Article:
Almost everybody seems mesmerized by Basic Energy Services (BAS), a company that provides services to oil and gas producers. The stock has been on a tear for the past four weeks, closing Wednesday at $37.01. That’s a gain of almost +46% since June 20 – and +426% from its 52-week low of $7.03.
Analysts have been steadily raising earnings estimates since Q1, when BAS surprised everyone by trouncing estimates by 566%, announcing a profit of $0.20 a share rather than the $0.03 expected by analysts. (That was its first positive quarter since Q4 2008.) In just the past seven days, estimates for the current quarter have jumped from $0.38 to $0.48. Estimates for FY 2011 are $1.96 and for 2012, $2.71. All nine analysts rate it a Buy.
All positives, yes. But all is not positive.
With last year’s loss of -$1.14, BAS doesn’t have a current P/E ratio, but its forward P/E is 13.65, which means you’re paying 13 times 2012 projected earnings. And this assumes that the first quarter profit is a new trend that will accelerate significantly over the next 7 quarters!
Particularly worrisome is BAS’s $562 M of debt, which is nearly triple its equity. That’s almost 3 times book value. And cash flow? Not so good. Cash at last quarter's end was $13.77 M, which is $0.33/share. Operating cash flow was $70.98 M; and levered free cash flow was a negative -$44.01 M. Obviously, the company doesn’t have enough cash flow to service its debt.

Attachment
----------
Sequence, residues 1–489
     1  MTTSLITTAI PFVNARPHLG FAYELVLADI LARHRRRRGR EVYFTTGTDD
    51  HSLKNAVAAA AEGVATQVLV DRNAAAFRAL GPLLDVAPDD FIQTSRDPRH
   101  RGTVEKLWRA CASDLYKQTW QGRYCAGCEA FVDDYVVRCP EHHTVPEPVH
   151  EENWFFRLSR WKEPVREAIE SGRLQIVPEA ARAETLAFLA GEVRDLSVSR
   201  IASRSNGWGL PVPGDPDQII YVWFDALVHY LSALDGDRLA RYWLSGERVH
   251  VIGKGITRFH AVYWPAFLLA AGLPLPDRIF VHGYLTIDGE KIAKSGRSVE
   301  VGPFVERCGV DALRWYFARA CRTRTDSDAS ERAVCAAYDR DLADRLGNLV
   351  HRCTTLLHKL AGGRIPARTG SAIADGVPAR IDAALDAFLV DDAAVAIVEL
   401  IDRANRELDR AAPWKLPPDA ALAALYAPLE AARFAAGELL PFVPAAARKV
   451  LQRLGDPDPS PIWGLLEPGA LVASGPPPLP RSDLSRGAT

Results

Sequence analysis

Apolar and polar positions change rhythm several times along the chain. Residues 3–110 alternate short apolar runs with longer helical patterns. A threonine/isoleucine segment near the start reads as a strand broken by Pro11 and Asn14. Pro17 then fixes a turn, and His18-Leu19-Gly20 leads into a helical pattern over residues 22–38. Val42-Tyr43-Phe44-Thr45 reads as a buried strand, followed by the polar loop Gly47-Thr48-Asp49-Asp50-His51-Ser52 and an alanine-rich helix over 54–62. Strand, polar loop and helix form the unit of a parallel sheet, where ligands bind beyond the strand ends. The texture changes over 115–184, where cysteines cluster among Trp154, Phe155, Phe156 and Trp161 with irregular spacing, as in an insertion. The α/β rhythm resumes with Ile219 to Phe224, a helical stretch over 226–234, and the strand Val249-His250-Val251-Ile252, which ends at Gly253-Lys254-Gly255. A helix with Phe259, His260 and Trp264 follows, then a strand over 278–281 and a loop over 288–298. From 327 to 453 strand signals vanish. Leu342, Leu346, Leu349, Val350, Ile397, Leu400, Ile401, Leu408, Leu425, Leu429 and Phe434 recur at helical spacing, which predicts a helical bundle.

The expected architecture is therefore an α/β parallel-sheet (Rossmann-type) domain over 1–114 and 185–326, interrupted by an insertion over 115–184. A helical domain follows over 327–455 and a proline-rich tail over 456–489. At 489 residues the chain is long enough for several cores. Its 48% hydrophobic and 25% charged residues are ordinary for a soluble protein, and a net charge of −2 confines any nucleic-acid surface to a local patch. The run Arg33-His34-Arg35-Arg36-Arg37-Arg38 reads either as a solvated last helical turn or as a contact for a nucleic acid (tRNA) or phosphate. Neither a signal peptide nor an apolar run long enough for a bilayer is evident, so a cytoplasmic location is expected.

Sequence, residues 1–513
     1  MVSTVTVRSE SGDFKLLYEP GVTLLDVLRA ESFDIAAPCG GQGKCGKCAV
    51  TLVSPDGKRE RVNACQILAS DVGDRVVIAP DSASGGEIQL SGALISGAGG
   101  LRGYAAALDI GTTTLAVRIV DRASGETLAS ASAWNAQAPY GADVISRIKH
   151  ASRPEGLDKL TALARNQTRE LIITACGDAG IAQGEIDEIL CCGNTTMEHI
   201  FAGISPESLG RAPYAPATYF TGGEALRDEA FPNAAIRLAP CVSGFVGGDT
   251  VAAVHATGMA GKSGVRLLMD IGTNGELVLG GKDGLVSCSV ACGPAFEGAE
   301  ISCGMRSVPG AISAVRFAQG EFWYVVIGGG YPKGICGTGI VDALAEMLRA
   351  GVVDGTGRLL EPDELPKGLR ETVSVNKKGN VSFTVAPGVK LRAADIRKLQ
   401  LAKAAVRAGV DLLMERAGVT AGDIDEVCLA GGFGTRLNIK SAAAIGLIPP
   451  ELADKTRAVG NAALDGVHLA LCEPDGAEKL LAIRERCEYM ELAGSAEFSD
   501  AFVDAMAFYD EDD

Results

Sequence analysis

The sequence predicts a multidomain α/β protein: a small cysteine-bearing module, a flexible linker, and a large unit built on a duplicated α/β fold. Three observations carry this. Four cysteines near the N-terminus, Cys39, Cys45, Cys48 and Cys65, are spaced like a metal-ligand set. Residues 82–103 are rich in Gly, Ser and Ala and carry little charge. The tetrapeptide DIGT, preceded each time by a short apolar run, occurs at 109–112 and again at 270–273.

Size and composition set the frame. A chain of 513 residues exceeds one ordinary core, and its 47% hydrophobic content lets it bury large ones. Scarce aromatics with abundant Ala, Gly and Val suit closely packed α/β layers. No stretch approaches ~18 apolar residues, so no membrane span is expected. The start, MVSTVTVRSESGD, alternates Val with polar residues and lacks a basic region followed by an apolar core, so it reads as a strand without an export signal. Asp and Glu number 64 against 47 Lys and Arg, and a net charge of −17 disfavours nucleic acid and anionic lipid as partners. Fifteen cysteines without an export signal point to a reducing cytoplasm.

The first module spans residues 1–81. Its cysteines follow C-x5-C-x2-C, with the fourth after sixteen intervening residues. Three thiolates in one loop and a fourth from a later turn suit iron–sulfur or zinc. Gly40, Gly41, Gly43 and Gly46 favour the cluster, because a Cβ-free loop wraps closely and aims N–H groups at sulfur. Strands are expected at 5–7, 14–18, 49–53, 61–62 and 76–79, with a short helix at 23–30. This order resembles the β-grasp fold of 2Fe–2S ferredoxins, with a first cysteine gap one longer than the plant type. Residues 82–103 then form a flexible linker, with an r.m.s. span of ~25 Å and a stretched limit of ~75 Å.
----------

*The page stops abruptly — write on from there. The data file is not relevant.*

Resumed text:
It’s a little surprising to see a stock with its first positive earnings quarter following two years of losses suddenly being priced on earnings that analysts expect to materialize over the next seven quarters. The fact that the company is cash-poor and burdened with debt only adds to my concerns.
Another eyebrow-raiser is insider selling by directors and officers. Over the past three months the president / CEO has sold 145,000 shares of BAS, almost 25% of his holdings. The CFO has sold 32,000 shares, almost 20% of his. Insiders are not buying.
Three weeks ago Sabrient’s quantitative system rated BAS a Strong Sell, based on its low Value score of 5 out of a possible 100, which is one of the lowest in its industry. A low value score means the stock price is high compared to earnings, or overvalued. On June 28, influenced by BAS’s strong momentum as reflected in its Sabrient momentum score of 99, the Sabrient rating changed to a Hold.
So, are investors spellbound by BAS? Or is the company on its way to recovery?
We’ll find out when BAS releases its Q2 results, which are expected to be $0.48, more than double Q1 earnings of $0.20. The announcement is Thursday, after market close; the earnings conference call will take place on Friday morning at 9 o’clock Eastern.
Disclosure: I have no positions in any stocks mentioned, and no plans to initiate any positions within the next 72 hours.